Simply put, today went poorly. A 6 man TTT with all of Ghisallo’s Cat 3 team represented was not what I had in mind for today’s race.
However, it was a good reminder that, even when you consider yourself a “brains over brawn” bike racer, you can still be swiftly and painfully proven to be inept. I’ve spent quite a bit of time racing at significantly below peak fitness, and as a result feel that I’ve become pretty good at conserving energy, reading races, and being in the right place at the right time such that I avoid getting dropped even when stronger riders might. Today, I got complacent.
Our race started off slow. For the entire first lap it was easy to sit at the back and chat, knowing that with the developing winds, any attacks off the front would be quickly and easily neutralized. The course was pretty flat with a cross-wind for the first 8 miles or so, turning right into a tailwind section, before turning for home with some larger rollers into a headwind. I figured with the slow pace on the first lap, any dangerous attacks would come in the rollers on the run into the finish at the end of the second and final lap. Though it would have been easy to move up, I contented myself with staying at the back and positioning myself on the right side of the road, so that I would be sheltered during the crosswind section. This proved to be a disastrous choice.
The finish line was also the feed zone, and being on the right side of the road meant that I became stuck in traffic as racers slowed to a crawl to grab bottles. As soon as the front of the pack turned the corner, Jack and Adams and a few other astute racers guttered the race and drilled it as hard as they could into the cross-wind. By the time I cleared the corner I was already 40-50 meters off the back. I waited for a small pack, including Zak, to catch me and we managed to chase back on in short, if slightly disorganized, order. However, the boys at the front had no intention of letting up on the pace, plenty of people started to detonate, and the tail of peloton disintegrated.
Soon the lead pack was down to 10-15 riders with a second group containing, Zak, Jordan, and myself beginning to coalesce. We started working steadily but quickly to try to bring the gap back down. Unfortunately, organization in the group was a bit lacking and while Zak and I initially believed it was people being selfish and not working, in hindsight it seems there were a lot of dudes at or way past their limit, and we slowly shed them. I figured if we kept the gap reasonable through the cross-wind, as soon as we turned right into the headwind the leaders would ease up a bit and we would catch back on. Unfortunately, that wasn’t the case. By this time we had been chasing for nearly 20 minutes, were down to 5 or 6 guys, and I had taken 24 pulls over 400 watts with a normalized power of over 290 watts. I hadn’t counted on the chase taking quite so long, and while last year I may have been able to pull off such an effort, this time around as I pulled off, someone surged through a bit too hard and I missed the last wheel. Jordan yelled at me as I dangled off the back, urging my legs to eek out one more 600+ watt effort to catch back on. Unfortunately, the elastic finally snapped and Jordan, Zak, and their bedraggled companions rolled up the road without me.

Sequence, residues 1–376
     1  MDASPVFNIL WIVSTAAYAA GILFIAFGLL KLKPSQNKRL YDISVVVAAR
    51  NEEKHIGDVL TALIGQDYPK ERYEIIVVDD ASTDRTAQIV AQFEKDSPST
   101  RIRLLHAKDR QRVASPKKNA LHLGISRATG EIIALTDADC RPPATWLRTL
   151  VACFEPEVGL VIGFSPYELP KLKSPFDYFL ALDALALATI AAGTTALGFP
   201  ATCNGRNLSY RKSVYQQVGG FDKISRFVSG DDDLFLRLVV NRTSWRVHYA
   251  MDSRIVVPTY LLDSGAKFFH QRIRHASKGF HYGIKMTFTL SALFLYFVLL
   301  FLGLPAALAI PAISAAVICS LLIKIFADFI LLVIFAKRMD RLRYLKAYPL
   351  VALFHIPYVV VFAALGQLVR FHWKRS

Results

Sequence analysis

Rather than face a solo 26 miles to the finish, mostly into a headwind, I opted to turn the ship around and spin the 8 miles back to the start/finish. All told, close to half the field chose this option.
In summary a few remarks from today:
- Jack and Adams demonstrated exactly what it takes to form a selection and splinter a field:
- Take advantage of any difficult course sections.
- Drill it as hard as you possibly can with as many co-conspirators for 20+ minutes.
- The selection today was absolutely incredible to behold. 10 or so guys worked seamlessly for nearly 30 minutes to make sure anyone not strong enough to contribute was long gone.
- I’ve never seen such calculated and meticulous destruction of a cat 3 race before.
- Zak and Jordan are hard men. Zak went down today, chased back to Jordan, the two of them worked together to catch back up to their group, and then Zak attacked and dropped them all in the run into the finish. (I’ll let the two of them detail this portion of the action themselves)
- You two did the work of four racers out their today, it just came a bit too late in the race.
- I look forward to racing with you guys this season and seeing the tactics and the strength sync up.
Finally the moral of the story: Even if it’s easy to sit at the back, DON’T.